John Sinclair - Neurosurgery Operating Room, The Ottawa Hospital awake brain surgery

Awake Brain Surgery

The Ottawa Hospital performs awake brain surgeries approximately three to four times a week. Recent advancements in our brain mapping techniques have allowed us to achieve even more success with this procedure. Today, our team of experts train other surgical teams from across Canada to perform awake brain surgeries using advanced mapping techniques and anesthesia protocols.

What is awake brain surgery?

Awake brain surgery is a highly specialized surgical procedure utilized when operating on the brain with the patient awake and alert, so speech, cognition, movement and sensation can be tested and monitored during surgery. The goal of this technique is to identify and preserve these critical brain functions as their locations can be quite variable between patients.

Awake brain surgery is usually undertaken to remove tumours within the brain including primary brain tumours ranging from astrocytomas and oligodendrogliomas to glioblastomas. Often, these types of tumours have poorly defined borders and can spread into the adjacent brain, making it very difficult to remove them entirely without damaging critical areas. Awake surgery allows the surgeon to identify and avoid these regions while removing the tumour.

With the patient awake and able to respond to specialized tests, the neurosurgeon can identify exactly which areas of the brain are involved with speech, cognition, movement, and other functions. The patient might be asked to perform tasks such as counting, reading, naming pictures, and moving different parts of the body.

Kim Mountain

“I kept talking, laughing, and singing Disney songs, like ‘Hakuna Matata.’ I was telling them how I was going to go to Disney World when it was over. Five hours seemed like just one.”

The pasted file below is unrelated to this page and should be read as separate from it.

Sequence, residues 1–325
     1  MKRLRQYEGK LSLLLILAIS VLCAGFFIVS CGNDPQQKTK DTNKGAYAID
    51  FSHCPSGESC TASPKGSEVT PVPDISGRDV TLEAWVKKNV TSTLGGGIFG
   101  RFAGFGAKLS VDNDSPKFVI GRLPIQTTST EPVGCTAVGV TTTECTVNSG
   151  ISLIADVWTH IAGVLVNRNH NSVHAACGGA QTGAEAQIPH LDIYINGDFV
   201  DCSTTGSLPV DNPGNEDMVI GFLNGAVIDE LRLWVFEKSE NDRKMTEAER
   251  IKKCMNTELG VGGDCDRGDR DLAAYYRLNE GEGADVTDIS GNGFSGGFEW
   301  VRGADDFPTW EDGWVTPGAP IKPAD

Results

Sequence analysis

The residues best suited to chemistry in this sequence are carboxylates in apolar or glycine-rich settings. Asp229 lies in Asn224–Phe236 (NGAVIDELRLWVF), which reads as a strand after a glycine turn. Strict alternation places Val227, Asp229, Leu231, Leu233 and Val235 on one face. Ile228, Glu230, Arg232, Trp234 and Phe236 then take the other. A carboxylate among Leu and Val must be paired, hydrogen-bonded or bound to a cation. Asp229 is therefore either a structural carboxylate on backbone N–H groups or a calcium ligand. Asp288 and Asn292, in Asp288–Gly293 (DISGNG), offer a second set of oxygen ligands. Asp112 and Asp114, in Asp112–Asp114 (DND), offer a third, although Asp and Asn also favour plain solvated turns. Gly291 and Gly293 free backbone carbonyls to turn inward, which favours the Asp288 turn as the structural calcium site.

— Kimberly Mountain, who received awake brain surgery at The Ottawa Hospital

If the patient is awake, won’t they feel it?

Awake brain surgery requires an entire team of skilled individuals including a neurosurgeon and a specialized neuroanesthetist who work together in conjunction with the nursing team to ensure the comfort and safety of the patient. The neuroanesthetist ensures that the patient is able to interact and participate in testing in a relaxed manner during surgery. Patients are often sedated at the beginning and end of the procedure but are awake during the testing which allows the brain around the tumour to be “mapped”. Testing is continued throughout the tumour removal to ensure that the tumour can be removed as safely as possible.

 

What is brain mapping?

Brain mapping utilizes various testing protocols for the specific functions of the brain that can be deduced from the patient’s preoperative MRI scan and clinical examinations. Testing specifically involves the application of a small electric current to the surface of the brain or to its deep connection which temporarily can interrupt normal function for one or two seconds. When the current is turned off the function immediately returns to normal. The presence or absence of dysfunction during testing allows the creation of a local brain map. The neurosurgeon uses this map as a guide, along with 3D computer images of the brain, to safely remove the tumour during surgery.

DID YOU KNOW? Awake brain surgery typically allows the neurosurgeon to safely remove more of the tumour than with traditional brain surgery methods with fewer complications. Research suggests that patients who have maximal tumour resection have a longer expected survival and improved quality of life.

Fluorescence-Guided Surgery

Malignant tumour viewed using 5-ALA and fluorescence microscope.
Malignant tumour glowing pink under the fluorescence microscope.

Neurosurgeons at The Ottawa Hospital can now incorporate 5-ALA Fluorescence-Guided Surgery for surgical resection of malignant gliomas using a new, donor-funded, fluorescence-guided microscope. This technique causes the tumour to “glow” or fluoresce under a special wavelength of light generated by the microscope. Since the normal brain tissue does not glow, surgeons can differentiate the tumour margins much more precisely, often identifying and removing tumour that would not have been seen with a traditional operating microscope. This allows for maximal resection of the tumour which leads to improved survival and outcomes.